A homeless man in New York, October 2011. (Photograph: Eduardo Munoz/Reuters)
With a compromise on social security now unmasked – costing the elderly an estimated 6.2-7.7%, according to business writer Doug Henwood – America becomes more and more a place of poverty. Warnings that austerity begets poverty will go ignored, but the nation's deteriorating condition cannot so easily be overlooked.
No surprise, in this milieu of victimizing the most marginal, that one anniversary has received far too little attention. This year, 2012, marked the 50th anniversary of a ground breaking book, The Other America, by Michael Harrington, a searing examination of rampant poverty in the richest nation on earth. A prominent review of Harrington's work in the New Yorker magazine, reportedly brought to the attention of then President John F Kennedy, ultimately helped influence the Great Society reforms later launched by his successor Lyndon B Johnson.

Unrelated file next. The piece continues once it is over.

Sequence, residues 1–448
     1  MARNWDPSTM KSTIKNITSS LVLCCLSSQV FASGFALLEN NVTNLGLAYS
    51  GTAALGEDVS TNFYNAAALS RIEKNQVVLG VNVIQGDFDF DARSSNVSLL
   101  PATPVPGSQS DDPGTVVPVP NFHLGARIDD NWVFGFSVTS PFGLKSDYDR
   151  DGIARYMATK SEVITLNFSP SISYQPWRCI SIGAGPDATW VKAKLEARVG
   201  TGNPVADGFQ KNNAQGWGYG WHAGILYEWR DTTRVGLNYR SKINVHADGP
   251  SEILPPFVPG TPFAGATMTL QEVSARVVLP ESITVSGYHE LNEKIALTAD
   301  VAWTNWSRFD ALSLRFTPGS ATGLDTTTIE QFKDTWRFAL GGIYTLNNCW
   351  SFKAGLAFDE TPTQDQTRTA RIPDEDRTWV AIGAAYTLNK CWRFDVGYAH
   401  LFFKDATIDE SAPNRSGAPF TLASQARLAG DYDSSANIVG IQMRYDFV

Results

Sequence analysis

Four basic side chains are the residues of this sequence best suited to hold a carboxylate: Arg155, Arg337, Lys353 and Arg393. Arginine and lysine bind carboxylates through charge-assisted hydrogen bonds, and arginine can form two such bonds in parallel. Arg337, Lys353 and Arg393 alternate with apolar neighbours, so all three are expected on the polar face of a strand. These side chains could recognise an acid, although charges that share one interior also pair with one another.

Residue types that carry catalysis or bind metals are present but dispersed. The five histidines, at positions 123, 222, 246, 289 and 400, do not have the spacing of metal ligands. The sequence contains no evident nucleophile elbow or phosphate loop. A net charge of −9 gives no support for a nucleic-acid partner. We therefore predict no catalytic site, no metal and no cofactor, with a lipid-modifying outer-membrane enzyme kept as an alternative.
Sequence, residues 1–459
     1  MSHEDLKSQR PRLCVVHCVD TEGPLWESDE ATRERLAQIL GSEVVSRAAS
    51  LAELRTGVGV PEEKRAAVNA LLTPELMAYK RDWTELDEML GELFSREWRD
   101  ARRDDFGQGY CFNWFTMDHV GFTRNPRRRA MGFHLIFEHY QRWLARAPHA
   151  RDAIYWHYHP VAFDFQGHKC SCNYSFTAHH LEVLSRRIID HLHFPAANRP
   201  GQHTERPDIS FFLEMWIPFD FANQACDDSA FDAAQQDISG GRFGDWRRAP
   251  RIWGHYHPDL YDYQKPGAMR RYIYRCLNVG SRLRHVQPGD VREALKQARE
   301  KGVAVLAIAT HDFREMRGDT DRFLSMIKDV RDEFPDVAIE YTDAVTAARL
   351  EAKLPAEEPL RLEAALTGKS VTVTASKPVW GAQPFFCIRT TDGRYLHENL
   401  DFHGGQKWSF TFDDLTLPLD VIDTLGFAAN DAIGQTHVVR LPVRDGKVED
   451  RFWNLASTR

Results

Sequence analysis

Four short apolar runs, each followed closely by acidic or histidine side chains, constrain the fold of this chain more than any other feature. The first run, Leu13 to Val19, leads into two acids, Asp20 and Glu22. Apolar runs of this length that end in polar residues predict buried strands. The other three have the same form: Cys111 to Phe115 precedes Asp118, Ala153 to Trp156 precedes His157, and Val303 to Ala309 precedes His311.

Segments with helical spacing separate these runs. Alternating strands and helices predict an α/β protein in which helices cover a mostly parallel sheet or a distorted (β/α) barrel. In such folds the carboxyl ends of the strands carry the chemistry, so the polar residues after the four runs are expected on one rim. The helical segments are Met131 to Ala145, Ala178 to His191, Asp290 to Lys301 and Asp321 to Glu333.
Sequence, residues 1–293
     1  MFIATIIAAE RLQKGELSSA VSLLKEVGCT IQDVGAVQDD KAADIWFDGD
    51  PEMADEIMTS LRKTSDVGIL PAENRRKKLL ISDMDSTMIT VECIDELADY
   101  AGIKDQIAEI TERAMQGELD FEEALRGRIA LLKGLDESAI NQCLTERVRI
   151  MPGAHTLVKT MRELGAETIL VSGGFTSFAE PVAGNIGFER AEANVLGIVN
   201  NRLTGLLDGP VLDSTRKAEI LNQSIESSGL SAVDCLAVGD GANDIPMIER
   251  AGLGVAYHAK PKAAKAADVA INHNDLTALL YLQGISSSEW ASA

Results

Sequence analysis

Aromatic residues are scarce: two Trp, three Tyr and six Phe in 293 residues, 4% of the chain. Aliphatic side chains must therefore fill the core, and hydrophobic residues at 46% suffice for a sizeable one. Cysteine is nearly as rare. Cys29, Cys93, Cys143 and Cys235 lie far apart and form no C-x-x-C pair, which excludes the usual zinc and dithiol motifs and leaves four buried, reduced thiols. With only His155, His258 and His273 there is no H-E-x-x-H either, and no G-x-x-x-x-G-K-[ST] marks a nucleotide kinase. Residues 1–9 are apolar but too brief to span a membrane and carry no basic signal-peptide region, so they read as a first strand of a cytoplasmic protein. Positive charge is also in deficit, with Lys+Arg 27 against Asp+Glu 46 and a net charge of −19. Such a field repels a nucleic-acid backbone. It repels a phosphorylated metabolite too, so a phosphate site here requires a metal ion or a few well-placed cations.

But half a century later, we seem to be back to square one in this country.
For the past two years, the nation's largest nurses' organization, National Nurses United, has promoted a program to spur revitalization of our economy to assist families in financial peril. Our campaign was largely spurred by an alarming spike in patients presenting in hospital emergency rooms and clinics across the country who are forced to choose between paying medical bills, their rent or mortgage or feeding their families.